Thursday, October 10, 2013

Book Review: The Grotto Under the Tree


Media Type: Ebook
Title: The Grotto Under the Tree
Author: John A. Theo Jr.
Publisher: Astrea Press
Pages: Ebook; 139
Release Date: February 15, 2013
Source: CBB Book Promotions
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Content Screening: Mild Fantasy Violence

HDB Rating: 3 Keys to My Heart

Recommended to: Young readers who enjoy short and sweet fantasy reads

Add it on: Goodreads / Shelfari / Amazon / B&N
Sebastian and Sara mistakenly descend into a mystical land where elves, mermaids, gnomes and other mythological creatures live. The two discover they have stumbled into an ancient battle between these fair folk and evil creatures called the Kylo. Their guide on this journey is Capri, an elf lord who is on a quest to find his lost tribe. The Kylo chase the children and Capri in his flying galleon north into the Arctic Circle where they find the most unlikely ally. During the final battle the children learn about sacrifice, love and ultimately forgiveness.

My favorite way to read Middle Grade fiction is to go into as if I was a  young reader. I love to take the story at face value, get lost in it, look at it as both a young and an older reader. To me, the best kind of MG fiction is that which can peak the interest of any reader, no matter what the age! All of that being said, I thought that The Grotto Under the Tree had a lot of potential. Charming and fun, this is an easy romp in a new world.

It did take me a bit to get fully immersed in this story. Being a shorter read, things move very quickly for our young heroes. I found Sara and Sebastian to be very brave and fun to follow. Each a bit impulsive, and yet courageous, watching them navigate this magical land was intriguing. I loved how they played off one another. When one was scared, the other compensated. They were great at coming up with ideas to get out of sticky situations and, when it counted, they were always there for one another. I see a lot young readers will love in these two.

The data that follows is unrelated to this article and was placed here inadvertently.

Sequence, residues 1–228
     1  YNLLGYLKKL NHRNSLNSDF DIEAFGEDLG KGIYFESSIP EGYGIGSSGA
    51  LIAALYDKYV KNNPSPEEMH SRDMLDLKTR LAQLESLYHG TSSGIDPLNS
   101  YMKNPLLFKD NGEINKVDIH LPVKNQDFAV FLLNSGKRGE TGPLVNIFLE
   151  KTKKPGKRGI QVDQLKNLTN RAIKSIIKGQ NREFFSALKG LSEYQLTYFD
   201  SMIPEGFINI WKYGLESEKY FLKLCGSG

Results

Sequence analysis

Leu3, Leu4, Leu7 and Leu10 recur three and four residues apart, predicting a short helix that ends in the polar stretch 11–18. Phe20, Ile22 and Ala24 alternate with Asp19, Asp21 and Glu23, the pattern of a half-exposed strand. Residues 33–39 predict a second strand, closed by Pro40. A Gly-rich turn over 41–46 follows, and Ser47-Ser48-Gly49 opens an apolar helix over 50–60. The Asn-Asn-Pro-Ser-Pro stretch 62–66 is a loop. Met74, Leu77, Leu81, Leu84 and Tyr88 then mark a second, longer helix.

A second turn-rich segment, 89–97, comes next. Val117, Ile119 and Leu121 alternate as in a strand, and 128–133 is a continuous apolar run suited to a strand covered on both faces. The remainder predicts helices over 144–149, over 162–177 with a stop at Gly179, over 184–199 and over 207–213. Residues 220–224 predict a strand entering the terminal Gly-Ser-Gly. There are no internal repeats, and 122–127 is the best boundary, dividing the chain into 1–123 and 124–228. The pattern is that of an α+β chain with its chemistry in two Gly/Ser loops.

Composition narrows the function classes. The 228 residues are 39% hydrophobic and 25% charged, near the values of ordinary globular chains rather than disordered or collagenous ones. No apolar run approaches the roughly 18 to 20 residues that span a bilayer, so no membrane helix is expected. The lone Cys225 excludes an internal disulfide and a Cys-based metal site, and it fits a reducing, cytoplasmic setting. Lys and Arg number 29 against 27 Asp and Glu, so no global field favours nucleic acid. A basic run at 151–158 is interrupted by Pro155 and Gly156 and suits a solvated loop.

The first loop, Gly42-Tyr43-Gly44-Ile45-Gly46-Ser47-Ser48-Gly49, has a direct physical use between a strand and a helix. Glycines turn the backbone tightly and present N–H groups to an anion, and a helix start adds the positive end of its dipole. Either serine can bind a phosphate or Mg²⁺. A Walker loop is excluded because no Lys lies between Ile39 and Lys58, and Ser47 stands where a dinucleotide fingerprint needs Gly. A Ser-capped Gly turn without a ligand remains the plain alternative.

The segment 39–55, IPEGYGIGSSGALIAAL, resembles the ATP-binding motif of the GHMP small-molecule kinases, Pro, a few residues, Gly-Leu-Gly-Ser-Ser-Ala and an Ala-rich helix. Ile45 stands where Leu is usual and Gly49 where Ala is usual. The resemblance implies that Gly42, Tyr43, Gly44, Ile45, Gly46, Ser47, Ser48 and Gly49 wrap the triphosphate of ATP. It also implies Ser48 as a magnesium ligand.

The thing that took me a while to get used to was how juvenile the dialogue between these two was. I don't mean this as a jab. What I mean is that the children come at problems exactly how a young reader might. Their solutions are simple, the fights are minimal, and things move effortlessly from one event to the next. As an older reader, I missed some of the action. I missed having even that minimal amount of tension that keeps me turning pages. Still, to the age group that this is aimed at, I'm sure it will be more than enough.

Overall, The Grotto Under the Tree was a quick and fantasy filled read. Young readers who love mermaids, talking animals, and any number of other fantasy elements, will likely fall in step with Sara and Sebastian very easily. If you have a reader at home who is looking for their next read, give The Grotto Under the Tree a shot.




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FTC Disclosure: I received a copy of this book in exchange for a fair and honest review. I was not monetarily compensated for my opinion.

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